trouble over those women, old Bruce says, and I don't doubt it - and the
whole lot will have their meals in the beastly dog-kennel you call a
saloon, and I call a sweat-box."

"Thank you, Mr. Otway. Your elegant manner of speaking shows clearly
the refining influence of the charming people with whom you associate.
Just let me tell you this - you looked like a gentleman a year or two
ago, but become less like one every day."

"No wonder," replied Otway sullenly, "the Island trade is not calculated
to turn out Chesterfields. I'm sick enough of it, now we are carrying
passengers as well as cargo. I suppose the firm will be asking us
supercargoes to wear uniform and brass buttons soon, like the ticket
collector on a penny ferry."

"Quite likely, my sulky young friend - quite likely, if it will pay us to
do so."

"Then I'll clear out, and go nigger-catching again in the Solomons.
That's a lot better than having to be civil to people who worry the soul
out of you, are always in the way at sea, and a beastly nuisance in
port. Why, do you know what old Miss Weidermann did at Manono, in Samoa,
when we were there buying yams three months ago?"

"No; what did she do?"

"Got the skipper and myself into a howling mess through her infernal
interference; and if the chiefs and old Mataafa himself had not come to
our help there would have been some shooting, and this firm could never
have sent another ship to Manono again. It makes me mad when I think of
it - the silly old bundle of propriety and feminine spite."

"Tell me all about it, Otway. 'Twill do you good, I can see, to unburden
yourself of some of your bad temper. Shut that door, and we'll have a
brandy-and-soda together."

"Well," said Otway, "this is what occurred. I was ashore in the village,
buying and weighing the yams, the skipper was lending me a hand, and
everything was going on bully, when Mataafa and his chiefs sent an
invitation to us to come up to his house and drink kava. Of course such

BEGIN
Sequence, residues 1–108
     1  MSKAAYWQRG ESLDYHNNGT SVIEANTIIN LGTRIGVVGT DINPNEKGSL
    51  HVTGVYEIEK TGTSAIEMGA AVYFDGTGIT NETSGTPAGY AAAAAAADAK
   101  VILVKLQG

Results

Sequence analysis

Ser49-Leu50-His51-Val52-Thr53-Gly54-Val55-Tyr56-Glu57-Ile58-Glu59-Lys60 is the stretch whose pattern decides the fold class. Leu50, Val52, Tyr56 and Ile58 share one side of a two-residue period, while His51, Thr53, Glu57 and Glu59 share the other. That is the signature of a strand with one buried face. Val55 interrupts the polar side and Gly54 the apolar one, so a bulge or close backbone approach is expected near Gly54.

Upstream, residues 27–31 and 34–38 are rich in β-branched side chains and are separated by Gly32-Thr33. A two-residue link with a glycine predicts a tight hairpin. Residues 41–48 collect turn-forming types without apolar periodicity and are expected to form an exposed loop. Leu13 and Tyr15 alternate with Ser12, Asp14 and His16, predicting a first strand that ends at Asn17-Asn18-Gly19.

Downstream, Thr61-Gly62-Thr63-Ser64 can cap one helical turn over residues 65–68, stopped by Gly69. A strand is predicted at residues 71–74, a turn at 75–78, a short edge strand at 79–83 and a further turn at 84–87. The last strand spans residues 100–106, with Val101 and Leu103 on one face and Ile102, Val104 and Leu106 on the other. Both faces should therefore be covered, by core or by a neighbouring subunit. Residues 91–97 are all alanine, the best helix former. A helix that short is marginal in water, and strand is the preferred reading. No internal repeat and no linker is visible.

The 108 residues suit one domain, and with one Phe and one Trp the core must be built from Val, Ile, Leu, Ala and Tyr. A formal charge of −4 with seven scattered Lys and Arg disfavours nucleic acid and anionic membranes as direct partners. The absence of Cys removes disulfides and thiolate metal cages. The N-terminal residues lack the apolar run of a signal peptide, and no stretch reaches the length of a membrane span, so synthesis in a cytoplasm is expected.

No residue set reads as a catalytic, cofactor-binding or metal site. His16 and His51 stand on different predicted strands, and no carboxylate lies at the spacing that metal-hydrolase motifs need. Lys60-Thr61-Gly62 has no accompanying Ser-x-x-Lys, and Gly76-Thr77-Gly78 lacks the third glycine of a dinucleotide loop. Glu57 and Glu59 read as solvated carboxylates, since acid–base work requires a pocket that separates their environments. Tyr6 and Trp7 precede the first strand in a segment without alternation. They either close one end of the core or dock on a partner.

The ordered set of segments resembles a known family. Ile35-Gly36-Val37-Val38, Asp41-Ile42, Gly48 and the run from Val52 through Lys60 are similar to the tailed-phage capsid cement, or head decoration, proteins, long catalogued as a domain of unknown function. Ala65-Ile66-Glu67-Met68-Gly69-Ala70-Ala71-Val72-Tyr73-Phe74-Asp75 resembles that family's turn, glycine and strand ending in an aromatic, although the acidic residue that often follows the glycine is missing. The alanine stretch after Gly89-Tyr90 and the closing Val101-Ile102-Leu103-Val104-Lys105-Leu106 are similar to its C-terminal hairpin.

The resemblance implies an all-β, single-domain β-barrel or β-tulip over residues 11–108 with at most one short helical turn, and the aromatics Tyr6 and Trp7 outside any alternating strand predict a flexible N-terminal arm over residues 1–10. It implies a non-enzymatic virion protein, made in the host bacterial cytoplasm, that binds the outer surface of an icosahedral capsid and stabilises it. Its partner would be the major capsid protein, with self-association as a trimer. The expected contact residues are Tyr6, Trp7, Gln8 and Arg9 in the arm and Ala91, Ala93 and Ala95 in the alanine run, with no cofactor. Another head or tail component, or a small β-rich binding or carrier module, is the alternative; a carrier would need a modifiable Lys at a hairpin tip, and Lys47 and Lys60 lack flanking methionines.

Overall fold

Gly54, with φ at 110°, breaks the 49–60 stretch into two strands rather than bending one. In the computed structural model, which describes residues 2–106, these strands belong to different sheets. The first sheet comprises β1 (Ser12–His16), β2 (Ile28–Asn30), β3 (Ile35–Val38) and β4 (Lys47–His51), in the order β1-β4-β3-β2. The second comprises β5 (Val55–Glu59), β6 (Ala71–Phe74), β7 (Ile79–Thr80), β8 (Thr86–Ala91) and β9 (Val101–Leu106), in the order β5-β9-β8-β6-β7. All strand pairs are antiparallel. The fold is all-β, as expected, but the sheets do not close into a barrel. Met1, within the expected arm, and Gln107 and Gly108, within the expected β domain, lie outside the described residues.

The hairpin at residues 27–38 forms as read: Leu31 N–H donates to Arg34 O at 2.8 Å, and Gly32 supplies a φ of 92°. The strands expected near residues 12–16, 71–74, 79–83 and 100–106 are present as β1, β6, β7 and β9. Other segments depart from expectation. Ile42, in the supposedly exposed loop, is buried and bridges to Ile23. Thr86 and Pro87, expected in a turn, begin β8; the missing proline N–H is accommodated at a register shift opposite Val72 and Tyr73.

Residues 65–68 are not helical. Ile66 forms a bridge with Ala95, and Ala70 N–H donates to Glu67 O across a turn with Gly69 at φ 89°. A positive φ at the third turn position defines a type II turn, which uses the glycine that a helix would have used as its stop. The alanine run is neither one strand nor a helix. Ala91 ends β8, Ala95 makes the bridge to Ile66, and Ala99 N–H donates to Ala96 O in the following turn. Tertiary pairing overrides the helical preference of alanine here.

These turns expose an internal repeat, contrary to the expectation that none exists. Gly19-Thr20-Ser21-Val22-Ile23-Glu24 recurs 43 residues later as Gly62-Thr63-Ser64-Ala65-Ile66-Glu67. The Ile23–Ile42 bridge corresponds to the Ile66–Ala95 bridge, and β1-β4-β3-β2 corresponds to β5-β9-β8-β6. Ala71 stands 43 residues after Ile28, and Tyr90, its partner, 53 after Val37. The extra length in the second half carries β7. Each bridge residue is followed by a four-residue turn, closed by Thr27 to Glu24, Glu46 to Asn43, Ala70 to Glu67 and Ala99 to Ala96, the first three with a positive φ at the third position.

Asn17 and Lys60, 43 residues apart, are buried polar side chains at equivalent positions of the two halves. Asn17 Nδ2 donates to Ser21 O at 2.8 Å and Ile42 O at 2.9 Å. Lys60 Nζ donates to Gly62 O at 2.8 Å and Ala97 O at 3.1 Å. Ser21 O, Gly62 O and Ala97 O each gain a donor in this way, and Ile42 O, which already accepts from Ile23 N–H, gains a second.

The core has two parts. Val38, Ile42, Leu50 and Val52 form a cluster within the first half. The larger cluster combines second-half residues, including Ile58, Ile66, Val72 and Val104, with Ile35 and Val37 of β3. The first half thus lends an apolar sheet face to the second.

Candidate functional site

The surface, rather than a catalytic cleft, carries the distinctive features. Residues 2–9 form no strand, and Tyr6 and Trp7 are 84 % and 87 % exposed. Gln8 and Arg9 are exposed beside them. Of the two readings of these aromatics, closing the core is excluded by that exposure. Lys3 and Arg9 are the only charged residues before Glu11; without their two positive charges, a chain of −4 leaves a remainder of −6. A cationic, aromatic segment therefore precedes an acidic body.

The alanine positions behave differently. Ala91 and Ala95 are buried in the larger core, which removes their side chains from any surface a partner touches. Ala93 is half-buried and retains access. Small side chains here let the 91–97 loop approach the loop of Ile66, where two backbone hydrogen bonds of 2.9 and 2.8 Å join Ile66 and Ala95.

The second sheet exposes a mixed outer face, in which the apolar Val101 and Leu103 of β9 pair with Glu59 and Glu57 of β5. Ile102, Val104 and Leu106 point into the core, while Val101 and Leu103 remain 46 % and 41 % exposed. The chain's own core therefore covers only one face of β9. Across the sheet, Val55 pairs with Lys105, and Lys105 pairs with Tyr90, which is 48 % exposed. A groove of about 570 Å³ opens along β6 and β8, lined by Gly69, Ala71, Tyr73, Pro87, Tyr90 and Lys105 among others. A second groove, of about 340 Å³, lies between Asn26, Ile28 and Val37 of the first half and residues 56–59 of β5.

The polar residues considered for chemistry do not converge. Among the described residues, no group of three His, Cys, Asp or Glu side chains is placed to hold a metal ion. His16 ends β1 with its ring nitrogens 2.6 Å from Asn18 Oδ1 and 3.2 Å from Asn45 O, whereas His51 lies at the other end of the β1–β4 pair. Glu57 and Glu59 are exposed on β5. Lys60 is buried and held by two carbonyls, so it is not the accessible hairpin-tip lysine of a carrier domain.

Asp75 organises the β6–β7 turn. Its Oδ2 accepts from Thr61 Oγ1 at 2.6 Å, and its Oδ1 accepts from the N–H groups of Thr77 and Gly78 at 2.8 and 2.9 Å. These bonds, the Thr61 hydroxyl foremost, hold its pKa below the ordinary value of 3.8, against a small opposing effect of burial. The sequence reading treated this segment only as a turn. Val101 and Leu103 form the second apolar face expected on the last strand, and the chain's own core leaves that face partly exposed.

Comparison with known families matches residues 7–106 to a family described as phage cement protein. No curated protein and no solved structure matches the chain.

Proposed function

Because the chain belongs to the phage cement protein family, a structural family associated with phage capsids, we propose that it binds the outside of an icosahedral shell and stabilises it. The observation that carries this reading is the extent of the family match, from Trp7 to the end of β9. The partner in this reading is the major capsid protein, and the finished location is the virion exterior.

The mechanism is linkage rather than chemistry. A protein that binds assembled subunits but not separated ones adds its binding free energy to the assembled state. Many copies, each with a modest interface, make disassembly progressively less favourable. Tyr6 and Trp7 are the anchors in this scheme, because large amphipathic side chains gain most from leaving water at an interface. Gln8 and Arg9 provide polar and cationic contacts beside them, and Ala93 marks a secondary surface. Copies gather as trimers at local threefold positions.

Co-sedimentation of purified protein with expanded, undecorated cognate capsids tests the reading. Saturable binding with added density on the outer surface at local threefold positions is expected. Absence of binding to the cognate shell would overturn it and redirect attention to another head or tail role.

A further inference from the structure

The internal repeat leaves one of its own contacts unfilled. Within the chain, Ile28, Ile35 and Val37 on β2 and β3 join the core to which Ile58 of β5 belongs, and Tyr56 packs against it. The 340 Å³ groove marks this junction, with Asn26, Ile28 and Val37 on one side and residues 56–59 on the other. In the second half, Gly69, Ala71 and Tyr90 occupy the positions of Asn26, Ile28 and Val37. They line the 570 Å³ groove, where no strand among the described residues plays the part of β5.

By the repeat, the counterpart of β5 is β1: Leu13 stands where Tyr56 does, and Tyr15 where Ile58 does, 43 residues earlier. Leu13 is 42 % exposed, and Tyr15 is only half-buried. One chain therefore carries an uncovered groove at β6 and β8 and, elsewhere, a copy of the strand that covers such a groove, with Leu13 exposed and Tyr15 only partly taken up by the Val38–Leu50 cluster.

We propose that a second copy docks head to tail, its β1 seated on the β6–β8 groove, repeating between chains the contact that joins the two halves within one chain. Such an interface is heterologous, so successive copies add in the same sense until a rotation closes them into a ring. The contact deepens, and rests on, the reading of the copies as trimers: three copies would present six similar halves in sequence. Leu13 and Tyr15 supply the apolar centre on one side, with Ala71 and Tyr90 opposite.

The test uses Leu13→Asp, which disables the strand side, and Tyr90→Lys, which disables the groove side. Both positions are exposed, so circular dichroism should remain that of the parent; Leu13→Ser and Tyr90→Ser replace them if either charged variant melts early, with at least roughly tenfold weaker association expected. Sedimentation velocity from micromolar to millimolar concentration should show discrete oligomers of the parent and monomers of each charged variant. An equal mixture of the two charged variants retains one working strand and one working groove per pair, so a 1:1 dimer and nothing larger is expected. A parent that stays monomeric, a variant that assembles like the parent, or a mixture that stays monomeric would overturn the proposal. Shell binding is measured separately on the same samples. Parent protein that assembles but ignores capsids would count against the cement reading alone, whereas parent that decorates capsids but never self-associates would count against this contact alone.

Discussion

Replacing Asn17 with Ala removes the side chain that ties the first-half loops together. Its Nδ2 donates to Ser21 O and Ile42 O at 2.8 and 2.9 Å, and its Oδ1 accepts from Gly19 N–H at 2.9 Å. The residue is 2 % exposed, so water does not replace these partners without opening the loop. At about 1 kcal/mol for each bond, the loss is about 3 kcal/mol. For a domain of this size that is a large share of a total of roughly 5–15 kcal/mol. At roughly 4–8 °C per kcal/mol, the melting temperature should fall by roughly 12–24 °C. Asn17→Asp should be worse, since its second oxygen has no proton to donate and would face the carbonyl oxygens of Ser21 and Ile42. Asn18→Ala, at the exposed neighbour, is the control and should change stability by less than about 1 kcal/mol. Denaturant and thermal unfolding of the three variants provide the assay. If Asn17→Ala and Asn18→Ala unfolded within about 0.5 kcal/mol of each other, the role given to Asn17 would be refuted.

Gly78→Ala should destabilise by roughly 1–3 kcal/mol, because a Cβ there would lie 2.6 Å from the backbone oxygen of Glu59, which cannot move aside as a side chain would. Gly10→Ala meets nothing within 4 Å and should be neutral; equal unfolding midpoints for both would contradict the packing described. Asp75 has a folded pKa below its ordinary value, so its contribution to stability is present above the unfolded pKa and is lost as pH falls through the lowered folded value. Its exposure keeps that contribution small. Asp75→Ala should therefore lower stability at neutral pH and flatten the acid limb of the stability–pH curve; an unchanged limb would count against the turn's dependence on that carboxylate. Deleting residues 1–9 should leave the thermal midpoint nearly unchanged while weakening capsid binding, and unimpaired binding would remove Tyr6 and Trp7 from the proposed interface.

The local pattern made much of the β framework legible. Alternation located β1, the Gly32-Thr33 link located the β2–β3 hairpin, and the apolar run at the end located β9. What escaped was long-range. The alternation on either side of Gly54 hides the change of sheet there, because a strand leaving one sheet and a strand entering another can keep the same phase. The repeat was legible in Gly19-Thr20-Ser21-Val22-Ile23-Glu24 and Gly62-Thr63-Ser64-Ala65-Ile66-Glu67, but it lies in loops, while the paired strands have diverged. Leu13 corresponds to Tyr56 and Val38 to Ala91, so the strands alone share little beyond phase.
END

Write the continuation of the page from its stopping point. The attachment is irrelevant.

an invitation from the native point of view was a great honour; and
then, besides that, it was good business to keep in with old Mataafa,
who had just given the Germans a thrashing at Vailele, and was as proud
as a dog with two tails. So, although I hate kava, I accepted the
invitation with 'many expressions of pleasure,' and felt sure that as
the old fellow knew me of old, and I knew he wanted to buy some rifles,
that I should get the bulk of a bag of sovereigns his mongrel, low-down
American secretary was carrying around. So oft went the skipper and I,
letting the yams stand over till we returned; the barque was lying about
a mile off the beach. Mataafa was very polite to us, and during the kava
drinking I found out that he had about three hundred sovereigns, and
wanted to see the Martini-Henrys we had on board. Of course I told him
that it would be a serious business for the ship if he gave us
away - imprisonment in a dreadful dungeon in Fiji, if not hanging at the
yard-arm or a man-of-war - and the old cock winked his eye and laughed.
Then, as time was valuable, we at once concocted a plan to get the
rifles - fifty - ashore without making too much of a show. Well, among
some of the women present there were two great swells, one was the
_taupo_, or town maid, of Palaulae in Savaii, and the other was a niece
of Mataafa himself. These two, accompanied by a lot of young women of
Manono, were to go off on board the barque in our boats, ostensibly to
pay their respects to the white lady on board, and invite her on shore,
so as to get her out of the way; then I was to pass the arms out of the
stern ports into some canoes which would be waiting just as it became
dark. About five o'clock they started off in one boat, leaving me and
the skipper to follow in another. I had sent a note off to the mate
telling him all about the little game, and to be mighty polite to the
two chief women, who were to be introduced to Miss Weidermann, give the
old devil some presents of mats, fruits, and such things, and ask her to
come ashore as Mataafa's guest.

"Well, something had gone wrong with the Weidermann's temper; for when